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# Place Value Toss

Today I am going to share one of my favorite activities for place value to practice this skill and it is a big hit with kids. It’s called Place Value Toss! Place value is one of the first math skills we teach at the beginning of the year and we review it throughout the year as a part of the learning process. I’m all about hands-on learning and interactive games for getting the kids up out of their seats. This is the perfect game for teaching the concept of place value to make sure your students have a solid understanding of place value.

Here is what you need to get set up for this fun game. You can click on the affiliate links as a great option to purchase what you need for teaching place value with this fun activity,

2. 10 bean bags or something soft to toss.
3. Dry erase boards and markers
4. Place Value Posters

A great way to do this is to simply print your place value posters 4 to a page and tape them onto the tubs like I did. Label each tub based on the level of your students (tens, hundreds, thousands).

If you are working on place value to the thousands you need 4 buckets, to the hundreds you’ll need three buckets, or if you are reviewing two digits, you only need two tubs.

### Here is how to play:

#### 1. Line the tubs up vertically.

A pretty day is a great opportunity to take the game outside! If you are in your classroom, make sure you have plenty of space to spread out the tubs for this place value activity.

#### 2. A student stands on a marked spot and tries to toss all 10 bean bags into the tubs to show you they know the correct answer.

The number of bean bags in each tub represents the value for that number. This represents 1,221 because their is one bag in the thousands tub, two in the hundreds, two in the tens, and one in the ones tub. The bags that didn’t make it into a tub do not count.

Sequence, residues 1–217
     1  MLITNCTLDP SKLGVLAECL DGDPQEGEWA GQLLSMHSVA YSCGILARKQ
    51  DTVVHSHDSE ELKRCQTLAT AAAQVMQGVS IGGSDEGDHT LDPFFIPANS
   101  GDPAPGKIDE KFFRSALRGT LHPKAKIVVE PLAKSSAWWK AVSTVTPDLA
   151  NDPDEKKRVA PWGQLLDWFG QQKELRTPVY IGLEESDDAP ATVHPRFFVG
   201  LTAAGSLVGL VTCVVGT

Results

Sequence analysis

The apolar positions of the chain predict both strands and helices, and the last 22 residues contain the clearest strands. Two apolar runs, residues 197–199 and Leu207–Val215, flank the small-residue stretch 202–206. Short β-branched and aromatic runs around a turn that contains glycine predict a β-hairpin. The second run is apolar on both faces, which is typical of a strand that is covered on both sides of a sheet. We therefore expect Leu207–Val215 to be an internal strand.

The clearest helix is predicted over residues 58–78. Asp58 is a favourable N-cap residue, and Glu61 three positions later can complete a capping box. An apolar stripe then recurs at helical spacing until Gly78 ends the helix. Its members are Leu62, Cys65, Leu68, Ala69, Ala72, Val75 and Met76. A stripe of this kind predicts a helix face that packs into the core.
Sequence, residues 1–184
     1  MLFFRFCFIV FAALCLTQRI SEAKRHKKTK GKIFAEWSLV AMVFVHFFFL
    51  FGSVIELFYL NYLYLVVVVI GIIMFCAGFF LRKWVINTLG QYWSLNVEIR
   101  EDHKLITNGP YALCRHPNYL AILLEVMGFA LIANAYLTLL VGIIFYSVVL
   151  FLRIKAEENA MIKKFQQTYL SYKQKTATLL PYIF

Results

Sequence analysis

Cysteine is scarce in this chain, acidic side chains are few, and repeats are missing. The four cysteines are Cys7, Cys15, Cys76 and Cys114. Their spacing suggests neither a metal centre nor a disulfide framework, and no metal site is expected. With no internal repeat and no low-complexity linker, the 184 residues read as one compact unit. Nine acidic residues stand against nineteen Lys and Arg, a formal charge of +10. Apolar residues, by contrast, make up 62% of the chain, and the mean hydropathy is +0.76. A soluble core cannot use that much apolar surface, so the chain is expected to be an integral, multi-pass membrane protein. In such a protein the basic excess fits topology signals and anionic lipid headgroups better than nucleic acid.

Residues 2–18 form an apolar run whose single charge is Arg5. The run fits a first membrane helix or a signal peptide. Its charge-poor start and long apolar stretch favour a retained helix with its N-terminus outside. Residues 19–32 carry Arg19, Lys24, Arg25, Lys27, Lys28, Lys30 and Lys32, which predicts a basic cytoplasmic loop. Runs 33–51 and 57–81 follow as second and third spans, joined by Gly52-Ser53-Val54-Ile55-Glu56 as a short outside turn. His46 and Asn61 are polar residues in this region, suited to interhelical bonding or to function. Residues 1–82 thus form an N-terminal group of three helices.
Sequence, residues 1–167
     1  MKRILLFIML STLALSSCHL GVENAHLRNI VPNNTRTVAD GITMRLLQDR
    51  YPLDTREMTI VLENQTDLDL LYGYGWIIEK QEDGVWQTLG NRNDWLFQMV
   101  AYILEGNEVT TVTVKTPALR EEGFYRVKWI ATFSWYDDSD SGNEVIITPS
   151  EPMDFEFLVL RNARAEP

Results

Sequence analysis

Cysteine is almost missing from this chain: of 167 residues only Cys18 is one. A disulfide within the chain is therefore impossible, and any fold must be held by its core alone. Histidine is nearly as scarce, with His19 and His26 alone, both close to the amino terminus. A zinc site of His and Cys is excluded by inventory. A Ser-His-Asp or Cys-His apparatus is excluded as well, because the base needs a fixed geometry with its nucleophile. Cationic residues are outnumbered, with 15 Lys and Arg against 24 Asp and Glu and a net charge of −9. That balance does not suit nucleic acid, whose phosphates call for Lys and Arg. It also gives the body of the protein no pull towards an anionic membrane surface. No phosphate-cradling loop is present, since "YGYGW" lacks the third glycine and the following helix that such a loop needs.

#### 3. The kids that are sitting at their desks write the score on their white boards.

You can do this in different ways such as number form, expanded notation, word form, etc…Make sure they are seated in a way that they can see the bean bags being tossed and where they land.

I have them draw a place value chart so they can keep tally of where the bean bags land.

#### 4. When the teacher gives a signal, the students sitting at their desks show their answers.

The students who tossed the bean bags reveals the answer (if they aren’t sure, they can check with the teacher for help). If the students at their desks got it right, they get a point by putting a tally on their white boards.

#### 5. Then the game repeats by choosing another student to toss the bean bags.

I hope your classroom will love playing place value toss and other active math games as much as my class did.

If you’re looking for more activities for place value and ideas for your math block, check out my Math Pinterest Board.